Effects Pack Portraits includes 400 slide styles (our best value to date!) that are categorized into 25 unique sets, like Art Deco, Linen, Henna, Heirloom and Sunshine, to name a few. Each set includes a dozen beautiful photo layouts and matching caption and title styles designed in the style of modern photo books. The breadth of options + mixed photo orientation support (landscape, portrait & square) make it easy to build video slideshows with a consistent look without losing variety. You’ll love the mix of formal and casual themed slide styles that are ideal for portrait photography subjects – families, weddings, boudoir, teens, holidays & everyday.

Effects Pack portraits puts the focus on your photos. The motion is soft and subtle, allowing plenty of time and space to fully appreciate the content of the photographs and take in the details. Try using these effects paired with simple transitions like dissolves, blurs and page turns for best results.

Get Effects Pack Portraits today for just $19.95. Works with ProShow Gold 6, ProShow Producer 6 and ProShow Web.




Creating a Slideshow for Instagram using ProShow

Make a video for Instagram using ProShow

From time to time we get questions about how to create slideshows in ProShow Gold or ProShow Producer and upload them to Instagram.

On the surface, this seems a bit like trying to fit a square peg in a round hole.  Firstly, there is a very short 15-second limit for videos on Instagram, and secondly, Instagram does not support uploading videos directly from your computer to their website.  These roadblocks are not show-stoppers though. With a little creativity on your side, you can create a succinct and captivating slideshow.

PART 1: Creating your slideshow in ProShow

To start off, open ProShow Gold or ProShow Producer and click the “Blank Show” button on the New Slide Show window, then change the Aspect Ratio to Custom and choose 1 x 1. This will cause your show to be the square shape that Instragram requires. Enter your desired Show Title and click Create.

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Show of the Week: The Great American Coastline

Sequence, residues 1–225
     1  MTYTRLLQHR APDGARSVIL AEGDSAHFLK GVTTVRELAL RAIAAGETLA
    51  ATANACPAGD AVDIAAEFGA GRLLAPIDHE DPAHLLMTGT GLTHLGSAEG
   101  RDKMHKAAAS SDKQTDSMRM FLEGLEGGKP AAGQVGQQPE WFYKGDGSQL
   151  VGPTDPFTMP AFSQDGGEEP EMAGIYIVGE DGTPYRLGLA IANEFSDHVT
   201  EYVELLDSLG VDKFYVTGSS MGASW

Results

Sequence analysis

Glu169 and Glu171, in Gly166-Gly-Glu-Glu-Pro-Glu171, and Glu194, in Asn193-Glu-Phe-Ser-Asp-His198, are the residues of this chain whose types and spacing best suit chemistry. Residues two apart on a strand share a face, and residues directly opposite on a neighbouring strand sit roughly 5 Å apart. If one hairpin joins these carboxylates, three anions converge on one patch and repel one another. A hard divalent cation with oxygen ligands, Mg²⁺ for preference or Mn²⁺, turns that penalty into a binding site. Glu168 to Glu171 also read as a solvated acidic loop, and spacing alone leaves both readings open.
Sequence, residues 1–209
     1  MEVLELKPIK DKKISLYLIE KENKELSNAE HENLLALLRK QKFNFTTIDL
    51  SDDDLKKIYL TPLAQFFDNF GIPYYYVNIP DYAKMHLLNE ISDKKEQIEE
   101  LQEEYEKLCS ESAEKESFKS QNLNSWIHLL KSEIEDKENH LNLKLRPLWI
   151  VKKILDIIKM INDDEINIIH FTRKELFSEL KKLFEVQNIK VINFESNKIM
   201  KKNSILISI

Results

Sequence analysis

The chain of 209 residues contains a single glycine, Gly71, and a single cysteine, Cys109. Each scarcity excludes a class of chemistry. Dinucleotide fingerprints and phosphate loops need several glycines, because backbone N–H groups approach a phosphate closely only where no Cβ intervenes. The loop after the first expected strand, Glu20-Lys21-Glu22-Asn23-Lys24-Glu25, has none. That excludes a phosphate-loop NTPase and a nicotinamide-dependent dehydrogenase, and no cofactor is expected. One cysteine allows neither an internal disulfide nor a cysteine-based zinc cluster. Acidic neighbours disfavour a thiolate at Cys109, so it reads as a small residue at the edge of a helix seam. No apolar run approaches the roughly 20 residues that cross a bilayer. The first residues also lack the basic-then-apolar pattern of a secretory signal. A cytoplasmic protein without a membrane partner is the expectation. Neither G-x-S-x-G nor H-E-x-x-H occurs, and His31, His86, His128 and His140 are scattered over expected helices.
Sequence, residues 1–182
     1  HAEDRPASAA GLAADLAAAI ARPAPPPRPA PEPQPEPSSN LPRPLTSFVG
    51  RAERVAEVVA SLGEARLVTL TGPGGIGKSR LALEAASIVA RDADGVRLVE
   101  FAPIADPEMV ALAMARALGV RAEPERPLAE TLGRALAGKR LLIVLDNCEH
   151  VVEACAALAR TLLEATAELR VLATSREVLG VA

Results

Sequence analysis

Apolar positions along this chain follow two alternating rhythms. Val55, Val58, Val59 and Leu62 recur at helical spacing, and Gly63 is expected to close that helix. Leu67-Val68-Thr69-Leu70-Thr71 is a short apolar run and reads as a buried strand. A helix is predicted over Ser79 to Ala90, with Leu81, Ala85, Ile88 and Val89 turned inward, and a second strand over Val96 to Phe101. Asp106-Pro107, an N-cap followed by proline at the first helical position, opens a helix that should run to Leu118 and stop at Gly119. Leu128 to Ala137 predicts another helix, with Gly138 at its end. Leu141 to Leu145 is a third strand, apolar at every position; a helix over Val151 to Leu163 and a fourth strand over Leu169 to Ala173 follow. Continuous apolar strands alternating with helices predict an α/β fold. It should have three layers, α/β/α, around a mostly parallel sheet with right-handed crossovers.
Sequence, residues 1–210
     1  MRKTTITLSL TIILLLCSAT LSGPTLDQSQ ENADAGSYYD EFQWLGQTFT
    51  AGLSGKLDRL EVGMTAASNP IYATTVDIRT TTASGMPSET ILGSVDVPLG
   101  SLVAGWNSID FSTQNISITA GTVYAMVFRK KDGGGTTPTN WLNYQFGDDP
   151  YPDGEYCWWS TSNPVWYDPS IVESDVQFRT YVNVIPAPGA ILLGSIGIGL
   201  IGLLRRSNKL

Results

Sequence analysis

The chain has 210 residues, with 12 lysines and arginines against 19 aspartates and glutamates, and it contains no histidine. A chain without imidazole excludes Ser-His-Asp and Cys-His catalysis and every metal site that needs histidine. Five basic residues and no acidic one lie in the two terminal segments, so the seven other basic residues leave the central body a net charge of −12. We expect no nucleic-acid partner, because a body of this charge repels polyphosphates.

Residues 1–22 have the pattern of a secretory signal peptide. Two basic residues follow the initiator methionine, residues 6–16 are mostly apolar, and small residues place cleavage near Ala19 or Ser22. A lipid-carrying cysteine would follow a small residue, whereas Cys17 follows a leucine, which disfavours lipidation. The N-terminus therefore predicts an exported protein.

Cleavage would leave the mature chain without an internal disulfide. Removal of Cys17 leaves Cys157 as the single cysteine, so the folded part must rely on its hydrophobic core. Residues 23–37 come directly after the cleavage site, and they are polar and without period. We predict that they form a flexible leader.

This week’s featured show comes from photographer Gareth Rockcliffe. Gareth and his wife Jan are currently on assignment photographing the American Coastline. They packed up their vintage air stream trailer and set out on a 4 month journey. Their Goal: To capture the soulful beauty, diversity and majesty of America’s amazing Coast.

The video above was made using ProShow Producer software and shows the beginning stages of their quest. We love the mix of video clips and stop-motion sequences that give the show a fun and playful feel.

You can follow Gareth on Facebook to see new snapshots from each stop on their journey.


How-To + Tutorials

How to Make a Memorable Halloween Video Slideshow

Friday, October 31, 2014

Halloween is one of my favorite holidays and such a fun time of year. With all the effort that goes into costumes and decorations, making sure you capture…

Make an Animated GIF with ProShow and Photoshop

Thursday, October 30, 2014

When the Flash output feature was introduced in ProShow several years ago, our Tech Support team started noticing that more and more people were using the feature to create…

Leveling Out Your Audio Track Volumes

Thursday, October 23, 2014

When you’re using multiple music tracks in your slideshows, especially ones from different sources, chances are that certain tracks are noticeably louder than others. There are two things at play…

Creating a Slideshow for Instagram using ProShow

Monday, October 20, 2014

From time to time we get questions about how to create slideshows in ProShow Gold or ProShow Producer and upload them to Instagram. On the surface, this seems…